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According to pet guru, Cesar Millan, “Planes and cars aren’t designed with dogs (and cats) in mind, and you need to know what to expect when you reach your final destination”. True to every word, although this post does not dispute the fact that dogs are fond of sticking their heads out of the window and put their tongues out. Perhaps, that’s their way to relieve themselves from travel stress. But that aside, here are some tips to make your pet comfortable enough for long travels.
Allot a Large Space for Them
If you are traveling by car, it is highly recommended that you should let your pet stay in the back seat. This way, dogs and cats can have the whole back space for them to sit and rest on. Although it is still very much ideal to put them in a crate/carrier, most cars, minivans and SUVs today have key features dedicated solely for your pet’s travel convenience, not to mention the spacious rear area. Set up the back seat with a pet-friendly seat cover to armor your car seat and upholstery from unwanted dirt and loose fur/hair. After which, you can pretty much leave the rest to them.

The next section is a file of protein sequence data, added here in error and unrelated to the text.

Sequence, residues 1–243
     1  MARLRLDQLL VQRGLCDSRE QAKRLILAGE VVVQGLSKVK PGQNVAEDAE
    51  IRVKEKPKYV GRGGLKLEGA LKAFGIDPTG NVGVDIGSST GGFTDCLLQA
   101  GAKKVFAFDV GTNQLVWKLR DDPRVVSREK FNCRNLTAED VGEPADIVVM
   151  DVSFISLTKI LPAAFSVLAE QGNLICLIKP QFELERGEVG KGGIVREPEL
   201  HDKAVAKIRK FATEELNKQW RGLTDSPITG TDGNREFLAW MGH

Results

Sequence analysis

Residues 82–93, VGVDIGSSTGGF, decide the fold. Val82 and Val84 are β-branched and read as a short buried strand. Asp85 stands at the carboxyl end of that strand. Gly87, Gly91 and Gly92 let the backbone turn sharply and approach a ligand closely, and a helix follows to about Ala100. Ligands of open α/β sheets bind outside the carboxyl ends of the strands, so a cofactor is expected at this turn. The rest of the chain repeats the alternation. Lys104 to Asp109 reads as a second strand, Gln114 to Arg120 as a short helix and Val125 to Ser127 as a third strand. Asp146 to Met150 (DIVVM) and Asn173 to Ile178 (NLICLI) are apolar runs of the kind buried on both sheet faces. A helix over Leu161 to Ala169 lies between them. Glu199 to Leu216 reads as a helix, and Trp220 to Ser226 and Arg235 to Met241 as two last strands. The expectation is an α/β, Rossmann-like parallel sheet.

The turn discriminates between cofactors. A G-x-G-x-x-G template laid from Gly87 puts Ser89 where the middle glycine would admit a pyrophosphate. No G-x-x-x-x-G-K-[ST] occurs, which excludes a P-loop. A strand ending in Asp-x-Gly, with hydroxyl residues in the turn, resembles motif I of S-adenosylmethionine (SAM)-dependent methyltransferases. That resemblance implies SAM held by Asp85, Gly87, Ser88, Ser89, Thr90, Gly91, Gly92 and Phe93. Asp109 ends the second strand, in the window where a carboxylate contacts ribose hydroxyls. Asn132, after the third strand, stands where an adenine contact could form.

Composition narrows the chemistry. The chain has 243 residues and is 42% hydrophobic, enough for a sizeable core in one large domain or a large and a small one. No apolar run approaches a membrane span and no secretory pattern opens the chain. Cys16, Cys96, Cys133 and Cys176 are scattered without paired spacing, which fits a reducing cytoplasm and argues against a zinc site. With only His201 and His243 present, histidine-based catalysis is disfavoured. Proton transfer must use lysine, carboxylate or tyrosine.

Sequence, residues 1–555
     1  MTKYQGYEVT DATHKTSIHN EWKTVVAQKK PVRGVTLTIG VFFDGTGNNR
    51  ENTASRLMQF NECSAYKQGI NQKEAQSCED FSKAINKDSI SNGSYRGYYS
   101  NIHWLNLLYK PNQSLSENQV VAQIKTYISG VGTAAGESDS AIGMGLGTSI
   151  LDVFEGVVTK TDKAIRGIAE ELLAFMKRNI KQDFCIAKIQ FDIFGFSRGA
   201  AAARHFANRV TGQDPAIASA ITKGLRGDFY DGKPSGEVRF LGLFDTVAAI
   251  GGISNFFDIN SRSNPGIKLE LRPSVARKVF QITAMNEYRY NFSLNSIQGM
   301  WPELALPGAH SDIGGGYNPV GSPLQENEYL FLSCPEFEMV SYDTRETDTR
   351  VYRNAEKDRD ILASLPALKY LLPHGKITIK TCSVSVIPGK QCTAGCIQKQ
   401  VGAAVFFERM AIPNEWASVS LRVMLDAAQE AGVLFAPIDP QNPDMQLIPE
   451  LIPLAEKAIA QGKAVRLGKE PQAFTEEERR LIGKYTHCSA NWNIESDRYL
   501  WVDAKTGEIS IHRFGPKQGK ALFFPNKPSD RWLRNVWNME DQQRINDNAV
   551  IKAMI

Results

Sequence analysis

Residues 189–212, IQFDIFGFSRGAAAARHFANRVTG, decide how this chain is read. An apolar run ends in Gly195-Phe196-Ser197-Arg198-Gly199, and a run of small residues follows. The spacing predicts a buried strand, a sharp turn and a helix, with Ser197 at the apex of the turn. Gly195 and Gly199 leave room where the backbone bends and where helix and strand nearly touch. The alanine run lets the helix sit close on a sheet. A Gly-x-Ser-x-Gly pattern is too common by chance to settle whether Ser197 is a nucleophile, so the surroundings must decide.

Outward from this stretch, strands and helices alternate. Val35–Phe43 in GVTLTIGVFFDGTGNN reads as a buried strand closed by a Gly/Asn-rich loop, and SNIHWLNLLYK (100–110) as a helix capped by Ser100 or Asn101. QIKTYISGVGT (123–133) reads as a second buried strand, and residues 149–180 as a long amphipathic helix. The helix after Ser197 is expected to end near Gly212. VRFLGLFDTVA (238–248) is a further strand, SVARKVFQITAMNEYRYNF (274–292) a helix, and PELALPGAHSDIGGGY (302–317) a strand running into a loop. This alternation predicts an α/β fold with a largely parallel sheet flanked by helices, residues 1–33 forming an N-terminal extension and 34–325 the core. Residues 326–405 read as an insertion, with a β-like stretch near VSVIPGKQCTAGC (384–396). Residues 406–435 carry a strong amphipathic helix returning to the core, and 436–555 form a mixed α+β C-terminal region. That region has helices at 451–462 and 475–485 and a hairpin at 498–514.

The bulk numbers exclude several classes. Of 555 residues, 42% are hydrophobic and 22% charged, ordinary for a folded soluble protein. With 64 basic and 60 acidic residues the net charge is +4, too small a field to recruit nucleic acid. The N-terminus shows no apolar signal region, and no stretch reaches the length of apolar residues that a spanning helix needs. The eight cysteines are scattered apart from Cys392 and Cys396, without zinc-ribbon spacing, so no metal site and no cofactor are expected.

The thought of seeing your dog/cat stuck in a crate for the next couple of hours is already a burden not only to you but also for your furry fellow. That is why it is always a best practice to bring your pet’s favorite toy/s to help them get through the rough ride. Toys are the perfect item to pacify your pets during long travel, so better keep them handy when packing your dog’s stuff.
Spruce Up the Space
To make your pet, even more comfortable during long trips, make sure to pimp up your dog/cat’s space. Start by placing a pet liner at the back of the car or right inside the crate if you’re taking a plane. You may also throw in his/her favorite blanket. Install a water dispenser to a spot wherein your pets can easily access in case they got thirsty and make sure to pack a “light” snack for them to nibble from time to time.
Make Sure to “Unload the Tank” Before Hopping In
Always make it a point to let your pets do their business first before going on a long trip (peeing and pooing, that is) so that they won’t feel tense while on the road/air. Just to be sure, especially for land travelers, you can always have a quick stop over every once in a while to unload. Also, to avoid “pet accidents”, make sure to feed your pooch and kitty at least 1-2 hours before hitting the road.
|Make sure your pets are comfy enough by setting up their hub backseat with a soft pet cover|
These are just some of the best practices in making your furball companions as cozy as possible.